His words gave utterance to what everyone in the hall knew in his heart but still could not bring his mind to accept. Of the five shots in the first volley, one hit the plaster laurel leaves above the box where, a quarter century earlier, the last Soviet consul in Kars had watched films in the company of his dog. This bullet went wide because the soldier who had fired the shot—a Kurd from Siirt—had no wish to kill anyone. Another shot fired with similar care, though somewhat less skillfully, had hit the ceiling, sending a cloud of 110-year-old lime and paint dust snowing down on the anxious crowd below. Another bullet flew over the nest where the TV camera was perched to hit the wooden balustrade that marked off the standing room from which poor romantic Armenian girls who could afford only the cheapest tickets had once watched theater troupes, acrobats, and chamber groups from Moscow. The fourth flew into the outer reaches of the hall, beyond range of the camera; through the back of a seat it went into the shoulder of a dealer in spare parts for tractor and agricultural equipment named Muhittin Bey, who was sitting with his wife and his widowed sister-in-law and, having seen the shower of lime dust, had stood up to see whether something had fallen from the ceiling. The fifth bullet hit a grandfather sitting just behind the Islamist students; he had come from Trabzon to see his grandson, who was doing his military service in Kars; after the bullet shattered the left lens of his spectacles, it entered his brain, but the old man, luckily asleep at the time, died silently, never knowing what had happened to him. The bullet then exited from his neck and, passing through the back of his seat, pierced a bag belonging to a twelve-year-old Kurdish egg and bread vendor. The boy had been passing between the seats to give a customer his change and so was not holding the bag at the time, and the bullet was recovered later inside one of his boiled eggs.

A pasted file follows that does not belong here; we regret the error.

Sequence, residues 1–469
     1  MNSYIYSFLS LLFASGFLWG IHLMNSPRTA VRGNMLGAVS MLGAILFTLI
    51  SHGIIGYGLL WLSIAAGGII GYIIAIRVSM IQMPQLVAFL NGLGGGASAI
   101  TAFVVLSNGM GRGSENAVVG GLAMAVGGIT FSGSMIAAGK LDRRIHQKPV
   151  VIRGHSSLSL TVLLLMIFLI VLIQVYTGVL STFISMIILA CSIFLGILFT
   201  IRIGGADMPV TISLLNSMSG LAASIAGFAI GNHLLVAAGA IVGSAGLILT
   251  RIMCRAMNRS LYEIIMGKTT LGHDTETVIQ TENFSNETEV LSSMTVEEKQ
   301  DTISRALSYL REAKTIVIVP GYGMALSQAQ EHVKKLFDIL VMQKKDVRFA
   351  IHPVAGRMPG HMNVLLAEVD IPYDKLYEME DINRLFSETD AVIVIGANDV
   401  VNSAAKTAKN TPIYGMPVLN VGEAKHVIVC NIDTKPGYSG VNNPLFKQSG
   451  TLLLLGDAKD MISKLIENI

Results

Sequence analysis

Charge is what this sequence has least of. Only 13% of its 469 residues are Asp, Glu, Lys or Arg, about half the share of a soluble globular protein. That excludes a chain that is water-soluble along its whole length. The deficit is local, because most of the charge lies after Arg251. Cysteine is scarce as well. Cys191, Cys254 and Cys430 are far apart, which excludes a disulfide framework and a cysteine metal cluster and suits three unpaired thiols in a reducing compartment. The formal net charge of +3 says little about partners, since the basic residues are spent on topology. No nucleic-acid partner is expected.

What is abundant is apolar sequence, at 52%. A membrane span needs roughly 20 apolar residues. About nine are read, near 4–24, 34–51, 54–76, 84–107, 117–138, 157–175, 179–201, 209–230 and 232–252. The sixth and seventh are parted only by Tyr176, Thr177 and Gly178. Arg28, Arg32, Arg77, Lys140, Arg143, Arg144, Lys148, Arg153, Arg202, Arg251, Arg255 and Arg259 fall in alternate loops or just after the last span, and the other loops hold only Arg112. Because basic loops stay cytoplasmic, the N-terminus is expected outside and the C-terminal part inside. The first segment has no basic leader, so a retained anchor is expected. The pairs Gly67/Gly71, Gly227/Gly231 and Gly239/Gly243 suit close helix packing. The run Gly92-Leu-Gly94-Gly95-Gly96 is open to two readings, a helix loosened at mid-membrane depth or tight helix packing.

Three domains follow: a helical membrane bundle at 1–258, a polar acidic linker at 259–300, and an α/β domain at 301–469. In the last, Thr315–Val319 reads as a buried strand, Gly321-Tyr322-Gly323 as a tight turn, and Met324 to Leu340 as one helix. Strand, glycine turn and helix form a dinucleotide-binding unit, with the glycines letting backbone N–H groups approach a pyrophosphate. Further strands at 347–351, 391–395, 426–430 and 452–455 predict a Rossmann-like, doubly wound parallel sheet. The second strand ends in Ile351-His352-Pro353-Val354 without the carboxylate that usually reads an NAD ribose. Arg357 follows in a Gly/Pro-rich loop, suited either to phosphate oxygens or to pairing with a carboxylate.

I am relating these details to explain why it was that most people in the audience stayed so still when the soldiers opened fire. When bullets from the second volley hit a student in the temple, the neck, and in the upper chest, just above the heart, most assumed that he was putting on another show, an encore to his terrifying but entertaining show of courage moments earlier. One of the two remaining bullets went into the chest of a relatively subdued religious high school student sitting in the back (it was later revealed that his aunt’s daughter was the city’s first suicide girl); the last struck two meters over the projection booth, hitting the face of the clock, which, having stopped working sixty years earlier, was now covered with dust and spiderwebs. According to the colonel in charge of the inquiry, the fact that one of the bullets from the second volley had hit the clock was proof that one of the marksmen chosen that evening at sunset for the assignment had violated the oath he’d sworn with his hand on the Koran: Clearly he had gone out of his way to avoid killing someone. As for the fiery Islamist student killed in the third volley, the colonel would mention in a parenthesis the careful consideration that had been given to the lawsuit that the family had brought against the state, in which it had been alleged that the lad had been not just a student but also a hardworking devoted employee of the Kars branch of MIT ˙ ; but in the end the colonel found insufficient grounds for the award of damages. Of the last two bullets in this same volley, one hit Reza Bey, who had built the fountain in the Kaleiçi district and who was much loved by all the conservatives and Islamists in the city; the other struck the servant he used as his walking stick.